# royf comments on The Bayesian Agent - Less Wrong

11 18 September 2012 03:23AM

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Comment author: 18 September 2012 03:12:21AM *  2 points [-]

If you're a devoted Bayesian, you probably know how to update on evidence, and even how to do so repeatedly on a sequence of observations. What you may not know is how to update in a changing world. Here's how:

$B_{t+1}(W_{t+1})=\Pr(W_{t+1}|O_1,\ldots,O_{t+1})=\frac{\sigma(O_{t+1}|W_{t+1})\cdot\Pr(W_{t+1}|O_1,\ldots,O_t)}{\sum_w\sigma(O_{t+1}|w)\cdot\Pr(w|O_1,\ldots,O_t)}$

As usual with Bayes' theorem, we only need to calculate the numerator for different values of $W_{t+1}$, and the denominator will normalize them to sum to 1, as probabilities do. We know $\sigma$ as part of the dynamics of the system, so we only need $\Pr(W_{t+1}|O_1,\ldots,O_t)$. This can be calculated by introducing the other variables in the process:

$\Pr(W_{t+1}|O_1,\ldots,O_t)=\sum_{W_t,A_t}\Pr(W_t,A_t,W_{t+1}|O_1,\ldots,O_t)$

An important thing to notice is that, given the observable history, the world state $W_t$ and the action $A_t$ are independent - the agent can't act on unseen information. We continue:

$=\sum_{W_t,A_t}\Pr(W_t|O_1,\ldots,O_t)\cdot\Pr(A_t|O_1,\ldots,O_t)\cdot p(W_{t+1}|W_t,A_t)$

Recall that the agent's belief $B_t$ is a function of the observable history, and that the action only depends on the observable history through its memory $B_t$. We conclude:

$=\sum_{W_t,A_t}B_t(W_t)\cdot\pi(A_t|B_t)\cdot p(W_{t+1}|W_t,A_t)$

Comment author: 18 September 2012 07:28:22AM 3 points [-]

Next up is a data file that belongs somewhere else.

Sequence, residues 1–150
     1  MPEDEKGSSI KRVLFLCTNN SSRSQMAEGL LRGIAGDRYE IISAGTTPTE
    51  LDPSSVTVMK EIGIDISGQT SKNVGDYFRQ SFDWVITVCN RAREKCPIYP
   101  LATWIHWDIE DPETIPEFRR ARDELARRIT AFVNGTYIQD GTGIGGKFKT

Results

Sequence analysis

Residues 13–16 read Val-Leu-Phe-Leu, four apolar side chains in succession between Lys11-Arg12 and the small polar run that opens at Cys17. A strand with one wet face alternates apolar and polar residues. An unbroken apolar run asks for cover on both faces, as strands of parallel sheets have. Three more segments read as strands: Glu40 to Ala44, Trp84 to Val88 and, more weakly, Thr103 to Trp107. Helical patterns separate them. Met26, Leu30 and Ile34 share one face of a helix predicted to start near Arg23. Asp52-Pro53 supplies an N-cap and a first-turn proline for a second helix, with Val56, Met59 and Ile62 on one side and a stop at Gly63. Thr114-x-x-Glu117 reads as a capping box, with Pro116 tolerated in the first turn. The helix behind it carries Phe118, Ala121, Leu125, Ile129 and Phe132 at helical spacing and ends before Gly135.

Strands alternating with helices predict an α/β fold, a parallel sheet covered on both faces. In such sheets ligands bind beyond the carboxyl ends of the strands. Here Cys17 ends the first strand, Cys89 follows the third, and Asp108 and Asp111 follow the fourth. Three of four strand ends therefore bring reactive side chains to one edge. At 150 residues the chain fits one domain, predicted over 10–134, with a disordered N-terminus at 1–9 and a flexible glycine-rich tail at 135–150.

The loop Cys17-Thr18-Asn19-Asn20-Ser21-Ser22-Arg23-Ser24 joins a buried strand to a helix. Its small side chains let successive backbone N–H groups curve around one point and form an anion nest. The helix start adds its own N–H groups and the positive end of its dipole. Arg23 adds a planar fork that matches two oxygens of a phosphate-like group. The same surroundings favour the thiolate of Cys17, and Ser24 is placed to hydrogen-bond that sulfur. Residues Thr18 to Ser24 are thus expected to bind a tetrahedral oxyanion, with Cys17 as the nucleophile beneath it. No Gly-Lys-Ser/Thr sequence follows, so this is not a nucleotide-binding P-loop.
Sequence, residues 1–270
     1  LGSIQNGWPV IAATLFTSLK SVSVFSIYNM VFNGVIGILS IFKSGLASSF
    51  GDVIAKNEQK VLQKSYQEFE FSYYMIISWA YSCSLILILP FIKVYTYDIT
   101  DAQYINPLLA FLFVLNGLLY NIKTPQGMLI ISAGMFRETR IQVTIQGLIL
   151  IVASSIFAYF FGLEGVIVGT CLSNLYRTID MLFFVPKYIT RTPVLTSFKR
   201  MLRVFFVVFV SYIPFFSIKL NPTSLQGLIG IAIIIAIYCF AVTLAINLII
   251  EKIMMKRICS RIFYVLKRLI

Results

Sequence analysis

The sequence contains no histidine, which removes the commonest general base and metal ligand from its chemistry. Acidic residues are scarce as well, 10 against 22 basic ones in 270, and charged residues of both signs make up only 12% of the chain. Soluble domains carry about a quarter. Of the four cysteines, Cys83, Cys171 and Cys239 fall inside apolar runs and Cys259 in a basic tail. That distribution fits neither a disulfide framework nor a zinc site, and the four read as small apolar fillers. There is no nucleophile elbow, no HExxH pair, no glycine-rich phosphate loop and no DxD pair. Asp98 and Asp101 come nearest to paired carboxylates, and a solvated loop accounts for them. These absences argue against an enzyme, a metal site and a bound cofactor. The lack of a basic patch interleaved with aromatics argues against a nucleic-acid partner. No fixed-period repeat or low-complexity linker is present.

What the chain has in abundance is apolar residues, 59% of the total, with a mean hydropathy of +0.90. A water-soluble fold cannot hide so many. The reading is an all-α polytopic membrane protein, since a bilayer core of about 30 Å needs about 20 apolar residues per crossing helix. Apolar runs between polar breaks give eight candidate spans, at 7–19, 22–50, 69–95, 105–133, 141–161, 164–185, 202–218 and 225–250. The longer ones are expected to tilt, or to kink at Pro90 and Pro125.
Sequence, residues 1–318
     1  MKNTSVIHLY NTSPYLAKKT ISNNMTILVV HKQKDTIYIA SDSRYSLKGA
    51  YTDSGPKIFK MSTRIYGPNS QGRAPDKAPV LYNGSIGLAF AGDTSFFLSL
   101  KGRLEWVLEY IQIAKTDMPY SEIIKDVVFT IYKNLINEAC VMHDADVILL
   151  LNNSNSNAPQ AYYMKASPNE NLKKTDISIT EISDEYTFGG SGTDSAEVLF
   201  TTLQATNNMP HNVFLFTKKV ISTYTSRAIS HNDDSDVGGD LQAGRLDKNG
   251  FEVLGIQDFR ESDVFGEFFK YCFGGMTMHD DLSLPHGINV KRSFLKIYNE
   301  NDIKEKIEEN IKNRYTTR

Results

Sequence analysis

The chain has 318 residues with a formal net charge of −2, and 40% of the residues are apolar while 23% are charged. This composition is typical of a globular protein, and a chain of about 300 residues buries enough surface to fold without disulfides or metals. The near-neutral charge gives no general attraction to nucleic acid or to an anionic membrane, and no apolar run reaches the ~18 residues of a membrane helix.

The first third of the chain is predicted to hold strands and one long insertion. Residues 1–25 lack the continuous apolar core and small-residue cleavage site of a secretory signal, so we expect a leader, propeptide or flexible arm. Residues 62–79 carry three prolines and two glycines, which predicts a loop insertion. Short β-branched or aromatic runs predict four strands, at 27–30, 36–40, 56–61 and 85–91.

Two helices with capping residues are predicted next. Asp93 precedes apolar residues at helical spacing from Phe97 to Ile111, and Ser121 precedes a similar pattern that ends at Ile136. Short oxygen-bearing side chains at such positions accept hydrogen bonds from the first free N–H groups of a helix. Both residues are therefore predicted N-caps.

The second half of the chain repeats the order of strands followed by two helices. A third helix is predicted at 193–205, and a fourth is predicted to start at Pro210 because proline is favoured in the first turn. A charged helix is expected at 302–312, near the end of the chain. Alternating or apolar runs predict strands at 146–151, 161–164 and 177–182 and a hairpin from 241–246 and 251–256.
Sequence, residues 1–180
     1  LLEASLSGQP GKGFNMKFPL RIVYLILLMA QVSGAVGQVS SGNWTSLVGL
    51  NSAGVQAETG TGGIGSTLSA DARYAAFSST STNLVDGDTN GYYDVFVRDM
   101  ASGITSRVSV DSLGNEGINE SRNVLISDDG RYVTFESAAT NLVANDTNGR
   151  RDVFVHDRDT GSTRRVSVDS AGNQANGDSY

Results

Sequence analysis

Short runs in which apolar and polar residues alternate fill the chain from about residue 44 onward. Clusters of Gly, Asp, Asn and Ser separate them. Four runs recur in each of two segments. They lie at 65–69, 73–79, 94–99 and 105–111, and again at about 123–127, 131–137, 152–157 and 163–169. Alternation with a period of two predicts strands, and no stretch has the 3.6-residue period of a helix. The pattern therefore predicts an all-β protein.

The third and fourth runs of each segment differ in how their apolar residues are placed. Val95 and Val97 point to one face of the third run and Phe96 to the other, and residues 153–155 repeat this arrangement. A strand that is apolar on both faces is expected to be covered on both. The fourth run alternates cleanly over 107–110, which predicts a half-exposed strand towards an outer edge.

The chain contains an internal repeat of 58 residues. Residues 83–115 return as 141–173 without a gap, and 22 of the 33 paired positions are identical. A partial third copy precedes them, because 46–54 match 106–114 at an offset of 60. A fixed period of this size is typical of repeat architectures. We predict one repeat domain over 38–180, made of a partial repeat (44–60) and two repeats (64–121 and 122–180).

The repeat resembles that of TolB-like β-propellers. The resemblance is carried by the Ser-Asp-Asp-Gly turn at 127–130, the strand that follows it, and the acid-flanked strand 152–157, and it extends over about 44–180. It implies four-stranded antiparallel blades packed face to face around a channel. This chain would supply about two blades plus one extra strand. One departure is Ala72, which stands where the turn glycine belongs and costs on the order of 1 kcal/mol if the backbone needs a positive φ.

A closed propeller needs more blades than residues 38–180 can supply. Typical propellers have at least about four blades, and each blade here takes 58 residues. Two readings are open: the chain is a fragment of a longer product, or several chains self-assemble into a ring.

I'm not seeing how this lets the agent update itself. The formula requires knowledge of sigma, pi, and p. (BTW, could someone add to the comment help text instructions for embedding Latex?) pi is part of the agent but sigma and p are not. You say

We know sigma as part of the dynamics of the system

But all the agent knows, as you've described it so far, is the sequence of observations. In fact, it's stretching it to say that we know sigma or p -- we have just given these names to them. sigma is a complete description of how the world state determines what the agent senses, and p is a complete description of how the agent's actions affect the world. As the designer of the agent, will you be explicitly providing it with that information in some future instalment?

Comment author: 18 September 2012 06:09:59PM *  3 points [-]

Everything you say is essentially true.

As the designer of the agent, will you be explicitly providing it with that information in some future instalment?

Technically, we don't need to provide the agent with p and sigma explicitly. We use these parameters when we build the agent's memory update scheme, but the agent is not necessarily "aware" of the values of the parameters from inside the algorithm.

Let's take for example an autonomous rover on Mars. The gravity on Mars is known at the time of design, so the rover's software, and even hardware, is built to operate under these dynamics. The wind velocity at the time and place of landing, on the other hand, is unknown. The rover may need to take measurements to determine this parameter, and encode it in its memory, before it can take it into account in choosing further actions.

But if we are thoroughly Bayesian, then something is known about the wind prior to experience. Is it likely to change every 5 minutes or can the rover wait longer before measuring again? What should be the operational range of the instruments? And so on. In this case we would include this prior in p, while the actual wind velocity is instead hidden in the world state (only to be observed occasionally and partially).

Ultimately, we could include all of physics in our belief - there's always some Einstein to tell us that Newtonian physics is wrong. The problem is that a large belief space makes learning harder. This is why most humans struggle with intuitive understanding of relativity or quantum mechanics - our brains are not made to represent this part of the belief space.

This is also why reinforcement learning gives special treatment to the case where there are unknown but unchanging parameters of the world dynamics: the "unknown" part makes the belief space large enough to make special algorithms necessary, while the "unchanging" part makes these algorithms possible.

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